6. Fighting Rhythms
a. The timing and rhythm of attacks and counters in an actual fight is erratic. It is therefore important to train oneself to adjust to varying speeds. All blocking techniques are ineffective if they are done too fast or too slow. The timing needs to match exactly the speed of the attack.
b. To practice kata for the development of fighting rhythms, break the kata down into series that seem logically connected. Each series should represent an encounter with one or more opponents. Try to simulate the rhythm of an actual fight by varying the speed and pausing between each series. If kata is not practiced for Fighting Rhythms, the kata may become blurred and a purely mechanical repetition of choreographed movements.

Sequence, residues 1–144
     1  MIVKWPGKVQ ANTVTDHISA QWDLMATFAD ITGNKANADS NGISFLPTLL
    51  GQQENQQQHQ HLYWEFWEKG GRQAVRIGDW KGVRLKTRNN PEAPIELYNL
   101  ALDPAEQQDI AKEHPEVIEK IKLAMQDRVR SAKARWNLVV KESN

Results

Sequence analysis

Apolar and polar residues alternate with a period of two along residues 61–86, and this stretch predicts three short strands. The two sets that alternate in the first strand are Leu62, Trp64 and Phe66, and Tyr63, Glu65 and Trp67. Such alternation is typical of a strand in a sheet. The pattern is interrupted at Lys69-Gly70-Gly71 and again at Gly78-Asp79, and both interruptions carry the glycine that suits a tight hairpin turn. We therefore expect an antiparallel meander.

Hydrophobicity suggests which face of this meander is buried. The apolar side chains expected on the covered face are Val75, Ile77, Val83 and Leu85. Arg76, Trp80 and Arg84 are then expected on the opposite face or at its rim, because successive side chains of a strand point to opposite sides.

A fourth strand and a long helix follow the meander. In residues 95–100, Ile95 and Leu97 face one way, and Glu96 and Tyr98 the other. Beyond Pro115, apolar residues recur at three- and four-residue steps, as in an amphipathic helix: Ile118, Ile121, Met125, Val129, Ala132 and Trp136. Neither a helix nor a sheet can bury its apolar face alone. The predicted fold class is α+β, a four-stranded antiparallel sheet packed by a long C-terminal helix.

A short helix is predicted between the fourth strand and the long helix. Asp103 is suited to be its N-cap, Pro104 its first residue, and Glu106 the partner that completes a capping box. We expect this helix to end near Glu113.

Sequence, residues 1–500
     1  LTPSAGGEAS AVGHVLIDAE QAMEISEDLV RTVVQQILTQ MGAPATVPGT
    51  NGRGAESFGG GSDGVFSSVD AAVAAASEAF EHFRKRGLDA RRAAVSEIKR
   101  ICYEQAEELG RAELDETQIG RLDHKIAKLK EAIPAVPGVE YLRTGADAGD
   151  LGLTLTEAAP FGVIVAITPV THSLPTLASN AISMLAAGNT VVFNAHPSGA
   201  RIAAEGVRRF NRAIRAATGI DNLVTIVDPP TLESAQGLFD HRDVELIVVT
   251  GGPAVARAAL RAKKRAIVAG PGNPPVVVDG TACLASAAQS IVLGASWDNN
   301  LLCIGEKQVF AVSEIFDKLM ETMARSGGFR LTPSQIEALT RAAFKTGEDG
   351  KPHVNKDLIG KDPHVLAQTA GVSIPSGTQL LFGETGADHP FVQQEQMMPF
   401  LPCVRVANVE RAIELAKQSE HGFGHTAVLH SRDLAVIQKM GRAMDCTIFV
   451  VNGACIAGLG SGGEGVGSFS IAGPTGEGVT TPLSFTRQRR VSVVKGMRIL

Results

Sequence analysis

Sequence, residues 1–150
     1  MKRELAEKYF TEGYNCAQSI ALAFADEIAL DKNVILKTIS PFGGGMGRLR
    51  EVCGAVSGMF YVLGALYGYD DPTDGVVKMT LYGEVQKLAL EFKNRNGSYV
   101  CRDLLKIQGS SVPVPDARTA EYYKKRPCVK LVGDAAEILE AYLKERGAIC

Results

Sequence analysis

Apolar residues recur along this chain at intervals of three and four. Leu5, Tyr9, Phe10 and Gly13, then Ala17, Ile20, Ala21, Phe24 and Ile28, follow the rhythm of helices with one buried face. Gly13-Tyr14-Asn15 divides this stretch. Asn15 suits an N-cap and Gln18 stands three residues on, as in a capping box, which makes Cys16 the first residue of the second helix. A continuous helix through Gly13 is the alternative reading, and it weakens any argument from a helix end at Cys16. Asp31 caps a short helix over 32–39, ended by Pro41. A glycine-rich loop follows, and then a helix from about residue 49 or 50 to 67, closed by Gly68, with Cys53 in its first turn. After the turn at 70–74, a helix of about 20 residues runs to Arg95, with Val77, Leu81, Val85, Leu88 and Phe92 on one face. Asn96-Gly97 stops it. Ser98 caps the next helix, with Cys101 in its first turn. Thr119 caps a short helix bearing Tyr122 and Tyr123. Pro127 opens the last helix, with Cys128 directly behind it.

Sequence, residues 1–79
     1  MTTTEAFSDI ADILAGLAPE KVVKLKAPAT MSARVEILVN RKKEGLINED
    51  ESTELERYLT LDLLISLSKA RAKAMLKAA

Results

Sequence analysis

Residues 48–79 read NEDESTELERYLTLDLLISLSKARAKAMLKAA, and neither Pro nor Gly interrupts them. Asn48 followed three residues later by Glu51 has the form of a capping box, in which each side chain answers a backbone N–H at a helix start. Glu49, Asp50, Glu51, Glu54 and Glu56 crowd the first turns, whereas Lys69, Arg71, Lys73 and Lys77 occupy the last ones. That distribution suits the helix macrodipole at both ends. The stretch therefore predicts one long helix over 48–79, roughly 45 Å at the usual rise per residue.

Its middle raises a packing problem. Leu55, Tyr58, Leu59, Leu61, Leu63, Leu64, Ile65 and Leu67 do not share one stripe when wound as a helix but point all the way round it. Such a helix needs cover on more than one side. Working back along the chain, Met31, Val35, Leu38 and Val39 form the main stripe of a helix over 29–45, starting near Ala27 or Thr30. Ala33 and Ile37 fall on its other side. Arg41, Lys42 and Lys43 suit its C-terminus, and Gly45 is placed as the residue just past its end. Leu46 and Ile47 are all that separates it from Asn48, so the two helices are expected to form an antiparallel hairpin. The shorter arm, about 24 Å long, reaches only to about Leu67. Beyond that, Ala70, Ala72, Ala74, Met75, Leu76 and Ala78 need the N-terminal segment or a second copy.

a. Kiai means to unite the spirit or internal energies. The idea is to coordinate all of the entire being’s energy into the execution of the techniques. A kiai is frequently done by forcing the air out of the diaphragm while executing a punch or kick. The forced exhale is what produces the loud shout one normally associates with a kiai.
b. When done properly, a kiai unites one’s internal energies with the physical energy produced by the contraction of the muscle. This makes the techniques incredibly powerful.
c. To practice with kiai, imagine all of the energy of the entire being is being unified and projected outward as the technique is executed. There should be a feeling of intense focus. It helps to add the loud shout to some of the punches, kicks, or strikes in the kata.